Opinion: Second Amendment debate continues
By Douglas Lyon | Special to the Courier
With reference to Mr. Merrill Ring’s opinion piece [“Second Amendment jousting continues …”] of May 19:
In both his letters, Mr. Ring repeats his standing army theme, but he employs backwards logic. He describes how our Constitution provides for no standing army, but rather a militia. Yet now that we have a standing army — and supposedly no militia — he wishes to declare the Second Amendment (herein after 2A) “null and void.” So, if I understand Mr. Ring’s rationale, because we have violated the Constitution once by creating a standing army, we should violate it a second time by nullifying our 2A.
On the contrary, assuming Mr. Ring is correct, and our Constitution permits no standing army, then that is what should be abolished, and a militia concept of defense formed again in its place in order to be in full compliance with our Constitution. Right? And, if Mr. Ring were being consistent, that is what he would be advocating. Right?
Now, to help us interpret 2A’s wording, Justice Scalia wrote in District of Columbia v. Heller, “a prefatory clause does not limit or expand the scope of the operative clause.” This is essentially what I stated in my first letter.
Justice Scalia continued, “Nowhere else in the Constitution does a ‘right’ attributed to ‘the people’ refer to anything other than an individual right,” meaning it would be improper to do so now with respect to 2A.
He continued, “We start therefore with a strong presumption that the Second Amendment right is exercised individually and belongs to all Americans … [and] in no way connotes participation in a structured military organization … By the time of the founding, the right to have arms had become fundamental for English subjects … [including] the natural right of resistance and self-preservation.”
Evidence supporting that fundamental right to have arms extends back, for example, to the 1689 English Bill of Rights which declared, “That the subjects which are Protestants may have arms for their defence.”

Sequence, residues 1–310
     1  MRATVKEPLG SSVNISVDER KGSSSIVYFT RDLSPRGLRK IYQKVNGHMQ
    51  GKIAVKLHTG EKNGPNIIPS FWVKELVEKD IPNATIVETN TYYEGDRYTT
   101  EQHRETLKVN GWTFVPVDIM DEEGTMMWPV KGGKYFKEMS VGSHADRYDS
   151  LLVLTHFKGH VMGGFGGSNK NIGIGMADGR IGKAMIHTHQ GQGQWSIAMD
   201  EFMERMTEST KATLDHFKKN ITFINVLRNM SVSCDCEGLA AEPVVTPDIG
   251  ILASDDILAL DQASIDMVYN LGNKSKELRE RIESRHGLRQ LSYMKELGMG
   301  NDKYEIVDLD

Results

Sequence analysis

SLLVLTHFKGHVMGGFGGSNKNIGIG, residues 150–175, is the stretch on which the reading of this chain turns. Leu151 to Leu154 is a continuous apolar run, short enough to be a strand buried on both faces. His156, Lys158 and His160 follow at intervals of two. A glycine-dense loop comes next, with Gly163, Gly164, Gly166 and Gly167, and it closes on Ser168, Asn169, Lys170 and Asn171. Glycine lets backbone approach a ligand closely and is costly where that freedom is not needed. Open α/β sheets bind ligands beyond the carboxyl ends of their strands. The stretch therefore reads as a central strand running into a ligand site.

Heller also cited Congress’ 1792 understanding of a militia as consisting of every able-bodied male between the ages of 18 and 45, who “shall severally and respectively be enrolled in the militia,” clearly not a limited group of citizens conscripted into organized military service, but rather the whole population, a portion of whom might be gathered together during times of emergency.
The brilliant analysis in Heller contains far more elaboration on the structure, wording, and contextual meaning of 2A than I can possibly include here. Heller also specifically rejects Mr. Ring’s assertion that keeping and bearing arms relates solely to one’s time after reporting for duty in a militia.
And now let us travel back in time to the Constitutional Convention: when the subject of arming a militia arose, Madison’s notes contain this entry, “Mr. Madison observed that ‘arming’ as explained did not extend to furnishing arms.”
And why would it not extend to furnishing arms? Because, in the context of our founding era, it would have been thoroughly reasonable for any person to assume that nearly every household already had its own firearms. The presence of arms among the general populace was assumed, and so it was further assumed that each man reporting for militia service would bring his own firearms.
Unfortunately, in his latest piece Mr. Ring fails to add any substance to the debate. Rather he mostly rehashes his original points, which consist of his own supposition, surmise, and speculation, as evidenced by his lack of citations, historical or otherwise, to support any of his personal assertions.
In conclusion, based upon an examination of relevant evidence, it is clear 2A guarantees an individual right to “keep and bear arms.” Open and reasonable minds can perceive this. Minds with predetermined political agendas will not.
And now, perhaps Mr. Ring will show us all where that so-called “right” to abortion is equally clearly stated in our Constitution.
Douglas Lyon is a Constitutionalist, a former planning commissioner, one-time City Council candidate, retired pilot, and self-taught historian who has been around Claremont since 1967.